£8m work 'could up Newport Transporter Bridge visitors'
There are hopes an £8m funding bid to improve Newport's Transporter Bridge could help double its annual visitor numbers.
Newport council has applied for Heritage Lottery funding for repairs, maintenance and a bigger visitor centre.
The charity that helps run it hopes it could lead to extended opening hours - attracting 40,000 visitors a year.
The council's heritage officer said the work would secure the bridge's future.
The money is needed to carry out repairs to the Grade I-listed structure and restore its Edwardian gondola back to its former glory as parts of the original have been removed.
The council also wants to create a bigger and better visitor centre with improved facilities, which The Friends of the Newport Transporter Bridge (FONTB) charity hopes could include more parking and a cafe.
Work to strengthen a bridge on the east approach to the Transporter Bridge could also be carried out, as well maintenance on cables which strengthen the upper boom between the two towers.
The bridge attracts more than 20,000 people from all over the world every year and is open from 29 March to 1 October.
David Hando, chairman of FONTB which runs the visitor centre, said the aim was to improve the tourist experience in a bid to double that figure.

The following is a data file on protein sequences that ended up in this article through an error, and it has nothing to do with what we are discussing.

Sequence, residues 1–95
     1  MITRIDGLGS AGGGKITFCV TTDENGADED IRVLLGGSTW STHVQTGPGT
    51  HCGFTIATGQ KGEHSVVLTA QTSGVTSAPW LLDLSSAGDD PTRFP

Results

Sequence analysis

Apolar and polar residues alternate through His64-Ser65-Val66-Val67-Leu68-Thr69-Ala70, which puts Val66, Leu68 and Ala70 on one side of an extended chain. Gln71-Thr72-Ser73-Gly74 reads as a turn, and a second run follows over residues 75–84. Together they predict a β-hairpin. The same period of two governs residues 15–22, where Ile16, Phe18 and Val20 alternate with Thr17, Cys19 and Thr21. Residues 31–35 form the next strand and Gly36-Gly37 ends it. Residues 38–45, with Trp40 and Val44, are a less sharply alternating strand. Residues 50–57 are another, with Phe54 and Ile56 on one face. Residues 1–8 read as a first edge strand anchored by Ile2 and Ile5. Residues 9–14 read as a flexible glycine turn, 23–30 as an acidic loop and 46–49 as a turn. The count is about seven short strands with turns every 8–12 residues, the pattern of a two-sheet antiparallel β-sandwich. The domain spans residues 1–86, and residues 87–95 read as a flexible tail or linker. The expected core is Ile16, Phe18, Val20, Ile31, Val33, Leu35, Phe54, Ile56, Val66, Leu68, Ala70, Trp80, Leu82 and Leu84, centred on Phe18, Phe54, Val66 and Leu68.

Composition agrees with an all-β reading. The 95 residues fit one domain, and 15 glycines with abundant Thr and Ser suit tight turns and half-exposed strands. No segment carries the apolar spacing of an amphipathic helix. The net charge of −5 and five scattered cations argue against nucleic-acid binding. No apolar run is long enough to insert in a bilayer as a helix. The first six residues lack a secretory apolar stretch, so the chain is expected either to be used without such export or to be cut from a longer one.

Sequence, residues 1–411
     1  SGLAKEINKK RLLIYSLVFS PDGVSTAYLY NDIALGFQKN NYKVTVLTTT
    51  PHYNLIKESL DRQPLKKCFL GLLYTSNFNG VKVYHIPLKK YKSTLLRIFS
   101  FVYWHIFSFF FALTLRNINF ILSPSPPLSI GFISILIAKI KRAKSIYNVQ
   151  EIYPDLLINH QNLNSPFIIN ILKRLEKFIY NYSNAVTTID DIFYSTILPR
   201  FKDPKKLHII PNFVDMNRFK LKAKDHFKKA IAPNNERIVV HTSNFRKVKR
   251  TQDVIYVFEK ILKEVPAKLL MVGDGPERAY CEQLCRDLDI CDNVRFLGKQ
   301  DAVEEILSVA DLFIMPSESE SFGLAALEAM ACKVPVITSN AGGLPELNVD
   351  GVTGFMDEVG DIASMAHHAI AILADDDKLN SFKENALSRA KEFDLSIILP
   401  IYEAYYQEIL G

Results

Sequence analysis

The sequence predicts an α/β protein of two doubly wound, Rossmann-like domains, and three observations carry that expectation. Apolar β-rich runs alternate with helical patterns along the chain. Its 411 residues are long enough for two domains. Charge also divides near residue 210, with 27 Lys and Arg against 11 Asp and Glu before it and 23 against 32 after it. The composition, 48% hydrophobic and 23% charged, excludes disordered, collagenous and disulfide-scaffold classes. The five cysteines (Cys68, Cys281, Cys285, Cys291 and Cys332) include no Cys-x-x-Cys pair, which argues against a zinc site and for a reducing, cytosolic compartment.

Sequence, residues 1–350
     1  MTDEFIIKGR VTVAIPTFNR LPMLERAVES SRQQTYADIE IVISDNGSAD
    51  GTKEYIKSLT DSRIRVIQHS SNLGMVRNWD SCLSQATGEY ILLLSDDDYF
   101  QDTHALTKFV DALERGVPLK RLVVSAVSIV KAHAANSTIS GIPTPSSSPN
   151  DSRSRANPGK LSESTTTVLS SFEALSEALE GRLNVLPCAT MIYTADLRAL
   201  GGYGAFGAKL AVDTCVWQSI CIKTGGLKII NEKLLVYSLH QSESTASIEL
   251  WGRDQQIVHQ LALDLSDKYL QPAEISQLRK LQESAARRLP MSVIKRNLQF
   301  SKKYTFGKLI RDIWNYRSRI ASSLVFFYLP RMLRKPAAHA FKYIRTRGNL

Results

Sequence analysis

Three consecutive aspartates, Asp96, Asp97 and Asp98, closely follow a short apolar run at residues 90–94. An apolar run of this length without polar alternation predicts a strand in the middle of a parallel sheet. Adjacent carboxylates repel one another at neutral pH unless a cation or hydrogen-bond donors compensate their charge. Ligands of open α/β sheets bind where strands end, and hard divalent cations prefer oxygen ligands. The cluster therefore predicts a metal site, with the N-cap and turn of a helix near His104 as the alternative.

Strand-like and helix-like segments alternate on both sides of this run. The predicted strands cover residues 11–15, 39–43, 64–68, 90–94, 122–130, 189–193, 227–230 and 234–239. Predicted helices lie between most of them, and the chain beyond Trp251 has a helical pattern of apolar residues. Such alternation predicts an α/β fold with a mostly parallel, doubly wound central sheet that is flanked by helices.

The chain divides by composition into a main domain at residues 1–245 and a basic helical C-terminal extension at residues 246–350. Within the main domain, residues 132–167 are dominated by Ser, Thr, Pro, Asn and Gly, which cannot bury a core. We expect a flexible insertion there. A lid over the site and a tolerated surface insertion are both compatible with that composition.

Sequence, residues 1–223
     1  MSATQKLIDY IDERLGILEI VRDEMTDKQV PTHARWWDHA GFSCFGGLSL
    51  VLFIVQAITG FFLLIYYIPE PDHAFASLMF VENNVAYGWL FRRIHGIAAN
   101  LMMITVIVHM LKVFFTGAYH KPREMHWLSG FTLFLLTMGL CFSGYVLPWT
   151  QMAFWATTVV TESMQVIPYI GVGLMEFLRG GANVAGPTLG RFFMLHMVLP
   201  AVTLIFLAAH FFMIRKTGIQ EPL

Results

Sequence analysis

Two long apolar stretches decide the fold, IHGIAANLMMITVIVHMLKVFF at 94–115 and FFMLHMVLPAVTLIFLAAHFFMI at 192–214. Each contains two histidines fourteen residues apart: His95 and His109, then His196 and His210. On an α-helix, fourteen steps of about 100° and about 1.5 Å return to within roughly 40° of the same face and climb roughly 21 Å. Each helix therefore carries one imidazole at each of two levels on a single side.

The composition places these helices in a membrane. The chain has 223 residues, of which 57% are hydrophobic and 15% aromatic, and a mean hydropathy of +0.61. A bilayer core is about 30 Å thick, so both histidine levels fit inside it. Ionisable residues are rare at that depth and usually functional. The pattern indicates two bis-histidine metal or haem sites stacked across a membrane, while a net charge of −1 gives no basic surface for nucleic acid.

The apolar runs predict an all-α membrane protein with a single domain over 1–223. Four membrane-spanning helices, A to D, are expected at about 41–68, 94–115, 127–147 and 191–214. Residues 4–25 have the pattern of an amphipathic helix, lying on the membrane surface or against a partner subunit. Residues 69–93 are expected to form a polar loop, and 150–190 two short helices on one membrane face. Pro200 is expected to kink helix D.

"The preservation of the bridge is the most important thing but then to get a new more workable visitors centre would be ideal so that we can do our work properly," he said.
Mike Lewis, Newport council's museums and heritage officer, said if the council was successful in getting funding, the project would mean no major work would be needed for another 30 years.
He said: "The bridge is of a structure - it's metal, it's in an aggressive environment, it's always rusting, it just never stops, so every so often we have to invest in repairs and maintenance beyond the norm and this is what this project is about, really.
"It's about making sure this bridge is available for our children to go and visit and see."
Opened in 1906, the bridge was built at the request of steelworks owner John Lysaght, who wanted workers living on the Pill side of the River Usk to be able to get to the factory on the side quickly.
A gondola, suspended from cables attached to a high level boom, transports cars, cyclists and pedestrians across the water.